Editor's note: This piece is co-authored by Maurice Elias, Larry Leverett, Joan Cole Duffell, Neil Humphrey, Cesalie Stepney, and Joseph Ferrito, and adapted from the Handbook of Social and Emotional Learning, now available from Guilford Press.
Every school in the United States, and indeed, every school in the world, addresses the social-emotional and character development of the students who pass through its doors. It is impossible to bring adults and children together for long periods of time and not influence children's skills and the kinds of people they will become when putting those skills to use.
These processes, for many years, have been informal and haphazard. For many schools, social and emotional learning (SEL) programs are disconnected and uncoordinated, and can be associated with the negative effects and fragmentation on staff morale and student engagement and learning (Elias, 2009). Ideally, however, SEL is comprehensive, coordinated, and linked to academics, parents, and community involvement (including after-school programming). In such schools, students understand that they need academic and SEL competencies to accomplish valued goals; to contribute to the greater good, as well as their own good; and to strive to be persons of sound character and health. Correspondingly, the educators in those schools understand that for students to build their SEL skills, it is necessary not only to coordinate what happens within that school, but also to connect with the efforts of other schools in the district and of parents, after-school programs, and community partners.
The cornerstone of SEL efforts is the delivery of five essential skills and competencies to students (CASEL, 2013):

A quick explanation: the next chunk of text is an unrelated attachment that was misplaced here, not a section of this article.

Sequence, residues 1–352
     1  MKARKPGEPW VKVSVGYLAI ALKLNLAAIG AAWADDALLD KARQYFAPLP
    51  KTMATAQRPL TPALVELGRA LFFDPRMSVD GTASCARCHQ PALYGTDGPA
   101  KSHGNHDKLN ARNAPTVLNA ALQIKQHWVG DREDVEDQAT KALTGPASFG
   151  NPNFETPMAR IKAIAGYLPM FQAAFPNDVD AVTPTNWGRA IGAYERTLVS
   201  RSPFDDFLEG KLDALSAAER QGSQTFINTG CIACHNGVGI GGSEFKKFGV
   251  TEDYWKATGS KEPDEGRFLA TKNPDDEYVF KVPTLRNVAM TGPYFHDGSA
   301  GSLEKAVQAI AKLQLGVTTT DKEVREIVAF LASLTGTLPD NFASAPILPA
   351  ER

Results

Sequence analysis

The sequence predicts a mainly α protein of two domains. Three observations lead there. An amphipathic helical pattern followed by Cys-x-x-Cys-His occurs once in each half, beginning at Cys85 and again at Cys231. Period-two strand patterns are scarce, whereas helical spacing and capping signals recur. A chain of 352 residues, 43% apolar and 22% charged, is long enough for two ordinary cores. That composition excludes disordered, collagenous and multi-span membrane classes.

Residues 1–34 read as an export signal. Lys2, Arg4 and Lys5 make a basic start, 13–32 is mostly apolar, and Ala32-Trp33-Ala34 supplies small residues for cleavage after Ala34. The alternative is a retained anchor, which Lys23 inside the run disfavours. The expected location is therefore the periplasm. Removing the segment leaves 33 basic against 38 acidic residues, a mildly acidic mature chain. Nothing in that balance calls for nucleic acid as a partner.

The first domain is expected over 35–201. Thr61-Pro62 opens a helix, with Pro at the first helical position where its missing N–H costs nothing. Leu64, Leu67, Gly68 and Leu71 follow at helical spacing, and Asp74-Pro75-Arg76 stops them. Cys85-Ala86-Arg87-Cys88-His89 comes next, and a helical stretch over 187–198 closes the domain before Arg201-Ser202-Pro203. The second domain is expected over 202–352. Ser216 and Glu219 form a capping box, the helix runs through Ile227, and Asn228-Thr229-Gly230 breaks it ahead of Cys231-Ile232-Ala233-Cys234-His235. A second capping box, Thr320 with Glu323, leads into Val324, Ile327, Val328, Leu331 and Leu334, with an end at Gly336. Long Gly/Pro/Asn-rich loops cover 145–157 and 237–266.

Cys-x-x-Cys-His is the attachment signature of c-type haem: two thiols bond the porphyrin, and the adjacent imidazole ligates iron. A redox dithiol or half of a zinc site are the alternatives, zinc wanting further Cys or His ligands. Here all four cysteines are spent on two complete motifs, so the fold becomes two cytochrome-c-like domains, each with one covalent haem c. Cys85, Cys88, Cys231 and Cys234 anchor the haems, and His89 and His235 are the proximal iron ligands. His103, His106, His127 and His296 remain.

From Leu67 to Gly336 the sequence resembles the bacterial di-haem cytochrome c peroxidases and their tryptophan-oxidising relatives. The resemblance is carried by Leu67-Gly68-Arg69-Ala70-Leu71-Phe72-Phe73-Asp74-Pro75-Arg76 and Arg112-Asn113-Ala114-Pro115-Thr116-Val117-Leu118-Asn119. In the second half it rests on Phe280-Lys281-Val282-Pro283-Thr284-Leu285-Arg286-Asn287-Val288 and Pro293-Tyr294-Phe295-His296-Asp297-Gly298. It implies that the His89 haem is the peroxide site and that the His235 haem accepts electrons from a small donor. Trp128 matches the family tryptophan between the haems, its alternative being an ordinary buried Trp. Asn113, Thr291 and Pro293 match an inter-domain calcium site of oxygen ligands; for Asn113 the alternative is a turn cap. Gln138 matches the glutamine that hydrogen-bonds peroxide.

- Self-awareness: recognizing and labeling one's feelings and accurately assessing one's strengths and limitations
- Self-management: regulating emotions, delaying gratification, managing stress, motivating oneself, and setting and working toward achieving goals
- Social awareness: showing empathy, taking others' perspectives, and recognizing and mobilizing diverse and available supports
- Relationship skills: clear communication, accurate listening, cooperation, nonviolent and constructive conflict resolution, and knowing when and how to be a good team player and a leader
- Responsible decision making: making ethical choices based on consideration of feelings, goals, alternatives and outcomes, and planning and enacting solutions with potential obstacles anticipated
To support SEL at your school, consider starting with a series of seven interrelated activities best organized within eight-week planning cycles that will most likely require three years to bring to fruition, depending on the starting point. There is no blueprint for the order in which these activities should be carried out, which is why the seventh one -- learning from others -- is so important. Factors such as the history and present status of SEL-related programming, staff knowledge of SEL, school climate, sociodemographic factors, leadership style and history, and current mandates and priorities, as well as the school's capacities, will determine the timing and sequencing of these activities.